Nintedanib effects on delaying cancer progression and decreasing COX-2 and IL-17 in the prostate anterior lobe in TRAMP mice.
Tissue Cell. 2018; 50:96-103 [PubMed] Related Publications
Prostate cancer is the most prevalent type of cancer in men around the world. Due to its high incidence, new therapies have been evaluated, including drugs capable of inhibiting the FGF/VEGF pathways, as Nintedanib. The aim herein was to evaluate the Nintedanib therapeutic effects on morphology and COX-2 and IL-17 levels in the prostate anterior lobe in different grades of the tumor progression in TRAMP mice. Animals were treated with Nintedanib at a dose of 10 mg/kg/day in initial and intermediate grades of tumor development. At the end of treatment, the prostate anterior lobe was collected and submitted to morphological, immunohistochemical and Western Blotting analyses. The results showed that Nintedanib delayed the prostate carcinogenesis progression, with over 20% of reduction in frequency of tissue injuries, particularly in the group treated from 12 to 16 weeks of age. Also, decreased COX-2 and IL-17 levels were observed in both groups treated with Nintedanib in the prostate anterior lobe. Thus, we concluded that Nintedanib was effective in delaying tumor progression and, despite not directly acting on inflammation, Nintedanib may adversely affect inflammatory pathways, favoring prostate cancer delay.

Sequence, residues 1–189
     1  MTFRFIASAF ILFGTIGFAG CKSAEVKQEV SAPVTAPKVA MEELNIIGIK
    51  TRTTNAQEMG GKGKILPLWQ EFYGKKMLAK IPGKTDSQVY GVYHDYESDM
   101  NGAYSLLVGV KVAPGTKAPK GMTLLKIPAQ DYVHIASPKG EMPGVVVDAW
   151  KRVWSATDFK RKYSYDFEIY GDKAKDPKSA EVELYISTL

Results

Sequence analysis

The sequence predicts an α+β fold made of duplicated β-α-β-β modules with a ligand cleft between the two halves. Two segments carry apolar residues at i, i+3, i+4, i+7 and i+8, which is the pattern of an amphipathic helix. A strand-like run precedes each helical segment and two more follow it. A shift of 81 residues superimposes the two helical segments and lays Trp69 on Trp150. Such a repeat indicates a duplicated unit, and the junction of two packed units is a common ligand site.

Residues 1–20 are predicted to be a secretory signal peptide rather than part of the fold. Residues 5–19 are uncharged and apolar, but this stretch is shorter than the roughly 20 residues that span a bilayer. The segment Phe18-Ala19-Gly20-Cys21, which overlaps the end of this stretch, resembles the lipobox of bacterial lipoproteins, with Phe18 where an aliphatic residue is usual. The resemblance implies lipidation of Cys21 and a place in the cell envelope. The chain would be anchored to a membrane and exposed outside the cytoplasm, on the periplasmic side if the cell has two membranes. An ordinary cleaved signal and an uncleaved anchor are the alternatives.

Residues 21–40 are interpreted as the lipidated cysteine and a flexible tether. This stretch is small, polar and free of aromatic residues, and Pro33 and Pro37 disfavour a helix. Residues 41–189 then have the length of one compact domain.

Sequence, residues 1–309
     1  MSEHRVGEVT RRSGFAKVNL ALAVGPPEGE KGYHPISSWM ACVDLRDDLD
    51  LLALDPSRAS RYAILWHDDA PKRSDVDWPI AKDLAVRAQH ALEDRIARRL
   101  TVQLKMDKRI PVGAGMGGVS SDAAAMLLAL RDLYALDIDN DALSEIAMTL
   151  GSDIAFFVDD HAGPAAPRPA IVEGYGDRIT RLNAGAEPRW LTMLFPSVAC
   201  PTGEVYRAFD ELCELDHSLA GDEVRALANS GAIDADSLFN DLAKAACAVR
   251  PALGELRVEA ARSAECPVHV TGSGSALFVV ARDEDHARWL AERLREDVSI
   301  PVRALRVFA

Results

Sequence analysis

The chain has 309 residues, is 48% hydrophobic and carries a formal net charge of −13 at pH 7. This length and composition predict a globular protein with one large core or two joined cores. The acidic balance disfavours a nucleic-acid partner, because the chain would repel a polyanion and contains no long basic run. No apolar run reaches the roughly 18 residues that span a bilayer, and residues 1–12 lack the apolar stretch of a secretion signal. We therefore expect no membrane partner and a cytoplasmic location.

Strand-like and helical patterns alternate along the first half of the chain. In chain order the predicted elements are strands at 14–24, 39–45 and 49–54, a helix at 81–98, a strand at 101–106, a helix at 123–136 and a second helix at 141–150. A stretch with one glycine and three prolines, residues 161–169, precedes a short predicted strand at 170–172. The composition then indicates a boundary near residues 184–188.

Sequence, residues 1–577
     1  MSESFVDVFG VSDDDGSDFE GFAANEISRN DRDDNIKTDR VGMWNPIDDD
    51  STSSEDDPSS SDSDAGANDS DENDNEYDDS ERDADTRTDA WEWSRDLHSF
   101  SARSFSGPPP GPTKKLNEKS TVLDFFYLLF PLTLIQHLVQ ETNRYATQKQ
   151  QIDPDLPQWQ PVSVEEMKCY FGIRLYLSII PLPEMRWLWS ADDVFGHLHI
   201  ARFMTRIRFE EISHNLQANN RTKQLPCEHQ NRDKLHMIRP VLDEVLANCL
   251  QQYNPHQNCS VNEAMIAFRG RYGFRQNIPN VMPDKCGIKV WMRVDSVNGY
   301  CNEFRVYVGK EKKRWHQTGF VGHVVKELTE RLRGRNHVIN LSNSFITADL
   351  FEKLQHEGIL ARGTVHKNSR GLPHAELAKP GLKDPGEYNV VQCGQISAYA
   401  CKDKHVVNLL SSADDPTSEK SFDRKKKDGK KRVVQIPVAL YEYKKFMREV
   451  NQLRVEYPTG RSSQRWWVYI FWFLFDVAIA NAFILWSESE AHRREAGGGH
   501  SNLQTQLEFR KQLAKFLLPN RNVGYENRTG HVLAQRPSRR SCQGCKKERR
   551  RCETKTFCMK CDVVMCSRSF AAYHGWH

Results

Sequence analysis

Chang LC, Hsieh MT, Yang JS, et al.
Effect of bis(hydroxymethyl) alkanoate curcuminoid derivative MTH-3 on cell cycle arrest, apoptotic and autophagic pathway in triple-negative breast adenocarcinoma MDA-MB-231 cells: An in vitro study.
Int J Oncol. 2018; 52(1):67-76 [PubMed] Article available free on PMC after 01/04/2020 Related Publications